While media attention emphasized the presumed demise of what they called a key facet of the bill, the heart of House Bill 2 – protection of babies from abortion after 20 weeks of gestation -- quietly became the law of Texas.
"That's going into effect today. We're very excited about that," said Emily Horne, legislative associate for Texas Right Life.
Texas Attorney General Greg Abbott immediately filed an emergency stay against Judge Lee Yeakel's ruling, calling on the U.S. 5th Circuit Court of Appeals to allow the bill to go into effect, full force, while pending an appeal. A decision could be made later today.
Yeakel declared unconstitutional the requirement of HB2 that abortion doctors receive admitting privileges to local hospitals.
Rep. Jodie Laubenburg, R.-Murphy, author of HB2, said she is not surprised by Yeakel's ruling but is confident it will not hold up on appeal. She issued a statement via her chief of staff, Suzanne Bowers: "It's a good bill that was carefully written to meet the challenges of protecting life and at the same time offering safety and protection for women seeking an abortion."
Texas joins a band of states whose recent legislative restrictions on abortion procedures, abortionists and their clinics have come under judicial scrutiny. Planned Parenthood and a host of Texas abortion providers and physicians challenged the admitting privileges requirement and restrictions placed on the dispensing of the abortion-inducing medication RU 486.
HB2 stipulated that abortionists attain admitting privileges to a hospital within a 30-mile radius of the abortion clinic. Doctors also would have to oversee the use of abortion-inducing drugs instead of prescribing them for home use.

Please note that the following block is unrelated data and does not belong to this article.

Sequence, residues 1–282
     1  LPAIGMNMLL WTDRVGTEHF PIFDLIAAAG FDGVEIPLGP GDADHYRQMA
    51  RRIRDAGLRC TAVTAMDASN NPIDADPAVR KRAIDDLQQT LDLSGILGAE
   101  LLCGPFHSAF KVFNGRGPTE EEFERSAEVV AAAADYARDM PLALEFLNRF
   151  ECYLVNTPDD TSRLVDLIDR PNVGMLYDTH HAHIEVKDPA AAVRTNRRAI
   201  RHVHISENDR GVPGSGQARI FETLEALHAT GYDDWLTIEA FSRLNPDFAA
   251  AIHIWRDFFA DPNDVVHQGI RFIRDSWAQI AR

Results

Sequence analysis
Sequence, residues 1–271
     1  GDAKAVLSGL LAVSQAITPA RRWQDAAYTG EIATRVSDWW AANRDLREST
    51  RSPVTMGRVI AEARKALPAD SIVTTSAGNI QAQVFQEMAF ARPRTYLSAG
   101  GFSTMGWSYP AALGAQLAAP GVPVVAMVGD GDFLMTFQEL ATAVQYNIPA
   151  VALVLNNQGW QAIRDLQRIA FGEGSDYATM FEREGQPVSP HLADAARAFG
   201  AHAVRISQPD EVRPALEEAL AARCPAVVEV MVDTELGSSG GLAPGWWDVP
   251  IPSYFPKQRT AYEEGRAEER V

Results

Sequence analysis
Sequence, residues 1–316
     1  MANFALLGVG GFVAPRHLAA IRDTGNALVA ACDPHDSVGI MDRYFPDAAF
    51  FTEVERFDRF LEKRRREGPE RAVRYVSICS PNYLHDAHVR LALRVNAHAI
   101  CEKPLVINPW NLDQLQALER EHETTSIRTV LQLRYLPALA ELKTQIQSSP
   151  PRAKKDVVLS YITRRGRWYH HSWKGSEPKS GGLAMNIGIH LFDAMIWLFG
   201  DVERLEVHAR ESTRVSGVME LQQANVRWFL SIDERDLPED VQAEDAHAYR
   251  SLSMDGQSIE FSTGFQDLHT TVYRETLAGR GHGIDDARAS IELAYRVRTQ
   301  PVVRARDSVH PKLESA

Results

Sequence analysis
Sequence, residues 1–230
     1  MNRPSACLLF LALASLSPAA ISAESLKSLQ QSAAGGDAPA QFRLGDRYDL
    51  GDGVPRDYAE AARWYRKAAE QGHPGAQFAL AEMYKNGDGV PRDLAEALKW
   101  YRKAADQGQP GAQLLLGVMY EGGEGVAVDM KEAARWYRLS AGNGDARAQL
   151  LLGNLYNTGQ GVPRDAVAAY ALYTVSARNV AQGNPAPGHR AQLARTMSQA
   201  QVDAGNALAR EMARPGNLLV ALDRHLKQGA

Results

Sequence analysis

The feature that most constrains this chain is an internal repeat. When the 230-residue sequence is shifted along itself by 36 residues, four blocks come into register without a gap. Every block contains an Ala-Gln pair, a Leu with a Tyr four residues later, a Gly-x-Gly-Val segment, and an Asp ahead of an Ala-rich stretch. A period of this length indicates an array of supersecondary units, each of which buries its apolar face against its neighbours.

Yeakel, in his ruling, wrote that the admitting requirement was "without a rational basis and places a substantial obstacle in the path of a woman seeking an abortion."
His ruling on the use of RU 486 is a little vague though, Horne said.
Yeakel wrote that the law's restrictions "do not rise to the level of an undue burden." But he later qualified that statement, writing that the medication abortion restriction may not be enforced if, in the judgment of the attending physician, the life or health of the mother is at risk.
Supporters of the legislation, though disappointed with the ruling, were not surprised and are confident the bill will hold up in the appellate process.
Sen. Glenn Hegar, R.-Katy, who authored the senate version of the bill, voiced "absolute confidence that they will continue the legal fight to ensure the enactment of this legislation in its entirety and will ultimately be successful in their efforts."
Controversial pro-life legislation often is declared unconstitutional in the first round of legal challenges by pro-choice advocates, yet Texas has a track record of winning on appeal.
Keith Sanders, pastor of First Baptist Church in Keller, said, "I would encourage all of our pastors to lead our churches to pray for the appellate process since in this case, as in the past, one local judge may seek to overturn a law, then there's a favorable ruling at higher level."
Sanders recently heard Abbott, the Texas attorney general, address the issue and expressed confidence that the AG is willing to pursue the case to the Supreme Court if necessary.
Sanders addressed the issue from Amarillo where the Southern Baptists of Texas Convention is convened for its annual meeting. The convention passed without opposition a resolution affirming the "courage under fire" of the 83rd Texas Legislature and its members who support life.
Bonnie Pritchett is a correspondent for the Southern Baptist TEXAN (www.texanonline.net), newsjournal of the Southern Baptists of Texas Convention.
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